Low self-esteem can make life difficult in all sorts of ways. It can make you anxious and unhappy, tormented by doubts and self-critical thoughts. It can get in the way of feeling at ease with other people and stop you from leading the life you want to lead. It makes it hard to value and appreciate yourself in the same way you would another person you care about.
Melanie Fennell's acclaimed and bestselling self-help guide will help you to understand your low self-esteem and break out of the vicious circle of distress, unhelpful behaviour and self-destructive thinking. Using practical techniques from Cognitive Behavioural Therapy (CBT), this book will help you learn the art of self-acceptance and so transform your sense of yourself for the better.
Specifically, you will learn:How low self-esteem develops and what keeps it goingHow to question your negative thoughts and the attitudes that underlie themHow to identify your strengths and good qualities for a more balanced, kindly view of yourself
We found 10 studies which looked at the co-occurrence of low self-esteem and clinically significant anxiety/depression. These studies included young people recruited from the community and inpatient and outpatient mental health services. Young people with depression tended to report lower self-esteem than those with anxiety disorders, while those with both anxiety and depression were found to have the lowest self-esteem. Young people with any mental health problems tended to have lower self-esteem than those who do not have mental health problems.
We found 8 studies which reported on the association between low self-esteem in young people and anxiety/depression symptoms in the subsequent 1 to 6 years. From these studies, low self-esteem in young people appeared to be a relatively weak predictor of the development of anxiety and depression in later adolescence and early adulthood. Several studies reported a significant association, although with a relatively small effect, between low self-esteem and subsequent depressive symptoms. For example, Trzesniewski and colleagues (2006) reported that adolescents with low self-esteem were 1.26 times more likely to develop Major Depressive Disorder by the age of 26 than healthy adolescents. This pattern remained even when other vulnerability factors for developing depression (e.g. baseline depression, socio-economic status and IQ) were taken into account. However, other studies did not find the same association, most likely because the link between self-esteem and later depression is complex and multi-faceted, and likely to be influenced by the accumulation of multiple risk factors. Fewer studies reported on later anxiety. Interestingly, Trzesniewski et al. (2006) found that adolescents with low self-esteem were 1.6 times more likely to develop an anxiety disorder.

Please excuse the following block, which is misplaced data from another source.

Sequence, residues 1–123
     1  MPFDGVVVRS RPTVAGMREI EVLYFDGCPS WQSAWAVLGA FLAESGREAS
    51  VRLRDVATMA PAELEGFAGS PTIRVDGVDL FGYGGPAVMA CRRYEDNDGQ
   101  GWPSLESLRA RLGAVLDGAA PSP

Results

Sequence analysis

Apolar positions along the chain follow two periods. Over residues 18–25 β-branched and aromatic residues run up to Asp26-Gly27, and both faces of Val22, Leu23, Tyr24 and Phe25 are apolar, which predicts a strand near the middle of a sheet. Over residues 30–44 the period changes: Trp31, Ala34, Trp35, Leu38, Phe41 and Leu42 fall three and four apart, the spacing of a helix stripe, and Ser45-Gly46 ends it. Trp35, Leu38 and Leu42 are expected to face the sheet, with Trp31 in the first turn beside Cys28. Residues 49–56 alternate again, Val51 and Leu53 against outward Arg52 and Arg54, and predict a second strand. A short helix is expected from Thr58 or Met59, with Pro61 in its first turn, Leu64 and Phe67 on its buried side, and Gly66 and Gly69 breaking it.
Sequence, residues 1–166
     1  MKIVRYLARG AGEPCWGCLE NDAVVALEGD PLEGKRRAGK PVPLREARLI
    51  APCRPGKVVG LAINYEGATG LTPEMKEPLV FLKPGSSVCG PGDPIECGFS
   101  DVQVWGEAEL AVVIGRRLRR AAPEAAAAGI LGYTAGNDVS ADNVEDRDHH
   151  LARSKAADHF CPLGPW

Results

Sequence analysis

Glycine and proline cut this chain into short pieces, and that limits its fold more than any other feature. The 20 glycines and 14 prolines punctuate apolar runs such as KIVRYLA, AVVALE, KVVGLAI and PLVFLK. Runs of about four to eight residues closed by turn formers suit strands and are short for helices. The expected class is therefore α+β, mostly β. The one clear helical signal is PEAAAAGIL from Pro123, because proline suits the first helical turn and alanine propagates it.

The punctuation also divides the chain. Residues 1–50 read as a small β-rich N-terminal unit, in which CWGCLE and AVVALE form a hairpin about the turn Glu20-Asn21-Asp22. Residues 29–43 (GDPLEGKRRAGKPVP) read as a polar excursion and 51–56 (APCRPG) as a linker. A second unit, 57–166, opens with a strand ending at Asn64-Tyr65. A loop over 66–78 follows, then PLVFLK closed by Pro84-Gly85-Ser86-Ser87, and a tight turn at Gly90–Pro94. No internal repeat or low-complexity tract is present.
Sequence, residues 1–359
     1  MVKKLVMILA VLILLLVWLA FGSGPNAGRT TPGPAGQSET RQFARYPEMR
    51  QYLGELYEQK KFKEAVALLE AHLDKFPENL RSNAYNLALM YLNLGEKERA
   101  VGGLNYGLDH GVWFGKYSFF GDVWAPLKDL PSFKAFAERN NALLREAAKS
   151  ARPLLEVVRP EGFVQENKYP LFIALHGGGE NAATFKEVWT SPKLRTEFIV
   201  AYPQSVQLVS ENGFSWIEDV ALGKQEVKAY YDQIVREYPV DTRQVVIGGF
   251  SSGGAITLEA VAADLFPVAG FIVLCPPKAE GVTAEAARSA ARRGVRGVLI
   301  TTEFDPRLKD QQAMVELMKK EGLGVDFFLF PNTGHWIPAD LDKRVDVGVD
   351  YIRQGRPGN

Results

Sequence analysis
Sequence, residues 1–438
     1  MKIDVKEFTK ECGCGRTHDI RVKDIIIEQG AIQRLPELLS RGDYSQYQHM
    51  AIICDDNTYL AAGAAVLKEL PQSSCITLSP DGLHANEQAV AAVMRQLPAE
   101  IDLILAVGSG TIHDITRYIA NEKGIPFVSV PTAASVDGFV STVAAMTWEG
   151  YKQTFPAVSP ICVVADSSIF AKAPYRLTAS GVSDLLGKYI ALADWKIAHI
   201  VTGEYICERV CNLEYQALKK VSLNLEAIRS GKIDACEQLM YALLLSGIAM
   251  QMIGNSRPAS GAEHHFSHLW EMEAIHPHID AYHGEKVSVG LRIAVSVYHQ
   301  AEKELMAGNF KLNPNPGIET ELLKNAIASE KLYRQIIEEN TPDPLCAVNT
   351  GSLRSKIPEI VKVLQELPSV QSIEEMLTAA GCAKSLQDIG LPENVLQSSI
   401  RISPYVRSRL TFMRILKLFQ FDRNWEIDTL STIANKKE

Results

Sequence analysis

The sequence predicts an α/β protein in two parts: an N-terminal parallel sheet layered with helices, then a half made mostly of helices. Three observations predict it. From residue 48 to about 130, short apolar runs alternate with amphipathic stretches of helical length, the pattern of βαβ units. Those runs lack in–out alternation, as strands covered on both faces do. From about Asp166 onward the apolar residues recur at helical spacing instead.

The studies we reviewed suggest that young people with clinically significant anxiety or depression, and particularly those with co-morbid anxiety and depression are also likely to have low self-esteem. Further research into the utility of the CBT model of low self-esteem and treatment based on this transdiagnostic model in young people is indicated. A number of smaller scale case series may be helpful to first establish whether a larger trial of CBT is indicated.
I find your article very interesting and would like to expand research into this connection between low self esteem/anxiety/depression.Please could you cite the studies you have looked at please to create you findings.Many thanksMichele 2b1af7f3a8